A Predictive Prognostic Model for Brain Cancer

A Predictive Prognostic Model for Brain Cancer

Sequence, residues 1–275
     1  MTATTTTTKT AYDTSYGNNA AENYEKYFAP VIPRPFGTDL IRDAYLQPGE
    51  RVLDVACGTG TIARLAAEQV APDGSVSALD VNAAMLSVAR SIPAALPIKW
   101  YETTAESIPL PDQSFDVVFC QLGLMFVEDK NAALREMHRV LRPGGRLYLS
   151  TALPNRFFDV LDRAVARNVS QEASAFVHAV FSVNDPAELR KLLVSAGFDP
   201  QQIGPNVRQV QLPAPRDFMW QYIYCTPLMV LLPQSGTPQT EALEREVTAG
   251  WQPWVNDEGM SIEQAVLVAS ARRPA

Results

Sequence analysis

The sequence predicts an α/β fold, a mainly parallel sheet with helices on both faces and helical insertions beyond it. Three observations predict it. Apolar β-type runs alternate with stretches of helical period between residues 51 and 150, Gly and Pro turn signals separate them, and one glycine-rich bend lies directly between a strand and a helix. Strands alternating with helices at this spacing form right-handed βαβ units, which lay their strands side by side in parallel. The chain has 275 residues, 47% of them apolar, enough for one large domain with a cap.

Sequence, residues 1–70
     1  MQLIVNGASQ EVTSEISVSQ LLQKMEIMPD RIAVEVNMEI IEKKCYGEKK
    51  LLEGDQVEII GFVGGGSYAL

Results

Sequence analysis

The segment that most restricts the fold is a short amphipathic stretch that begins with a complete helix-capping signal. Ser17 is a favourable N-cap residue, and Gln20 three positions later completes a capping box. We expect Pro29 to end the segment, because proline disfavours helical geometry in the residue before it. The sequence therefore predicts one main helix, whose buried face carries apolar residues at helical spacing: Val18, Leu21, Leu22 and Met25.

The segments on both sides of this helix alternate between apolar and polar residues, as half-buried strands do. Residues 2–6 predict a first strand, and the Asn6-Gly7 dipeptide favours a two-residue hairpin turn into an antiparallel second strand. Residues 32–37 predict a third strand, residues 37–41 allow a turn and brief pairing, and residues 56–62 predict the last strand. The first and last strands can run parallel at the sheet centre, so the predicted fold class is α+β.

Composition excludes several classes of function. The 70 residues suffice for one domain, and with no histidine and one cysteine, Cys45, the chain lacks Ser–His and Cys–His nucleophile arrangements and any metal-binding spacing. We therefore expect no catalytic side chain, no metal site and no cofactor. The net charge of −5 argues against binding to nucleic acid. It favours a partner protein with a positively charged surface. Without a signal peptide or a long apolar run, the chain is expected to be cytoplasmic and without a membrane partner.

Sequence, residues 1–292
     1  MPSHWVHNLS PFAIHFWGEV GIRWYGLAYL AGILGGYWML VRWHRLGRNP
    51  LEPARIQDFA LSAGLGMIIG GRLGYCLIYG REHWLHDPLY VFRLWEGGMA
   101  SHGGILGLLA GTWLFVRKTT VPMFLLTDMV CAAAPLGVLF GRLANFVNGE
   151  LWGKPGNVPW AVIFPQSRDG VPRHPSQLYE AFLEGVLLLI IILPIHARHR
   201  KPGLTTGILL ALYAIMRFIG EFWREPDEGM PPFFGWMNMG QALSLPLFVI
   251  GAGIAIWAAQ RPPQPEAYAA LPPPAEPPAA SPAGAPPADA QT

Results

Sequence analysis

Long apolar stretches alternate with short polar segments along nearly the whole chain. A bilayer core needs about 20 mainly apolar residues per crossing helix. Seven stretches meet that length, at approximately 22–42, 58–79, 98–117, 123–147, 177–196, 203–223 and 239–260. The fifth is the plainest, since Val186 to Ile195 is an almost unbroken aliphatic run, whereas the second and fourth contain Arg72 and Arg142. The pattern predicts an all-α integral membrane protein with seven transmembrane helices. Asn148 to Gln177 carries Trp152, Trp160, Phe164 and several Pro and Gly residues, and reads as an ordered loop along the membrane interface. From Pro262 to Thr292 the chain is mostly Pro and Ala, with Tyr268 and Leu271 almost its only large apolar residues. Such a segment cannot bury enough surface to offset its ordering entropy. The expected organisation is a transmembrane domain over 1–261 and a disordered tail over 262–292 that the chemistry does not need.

Each year, almost half of all diagnosed primary brain tumors in the United States are Grade IV glioblastoma multiforme (GBMs). While recent efforts have begun to uncover the genetic pathways involved in this cancer's etiology – and potential methods for treatment – arguably, no specific prognostic model has arisen (and been sufficiently validated) to provide widespread usability and individually tailored predictions about a patient's prognosis, let alone suggest optimal treatment. This work focuses on the development of a Bayesian belief network for predicting outcomes for GBM patients. This research effort looks to validate a BBN developed using two NIH datasets: the National Cancer Institute (NCI) Rembrandt Project; and the Cancer Genome Atlas (TCGA), and its application to local datasets. Model variables encompass the full spectrum of available observations (demographics, initial presentation, histopathology, treatment, imaging, performance scores, end outcomes, etc.). The ultimate result of this endeavor will be a set of tools and well-validated disease model to provide more tailored information and guidance to physicians about GBM patient outcomes.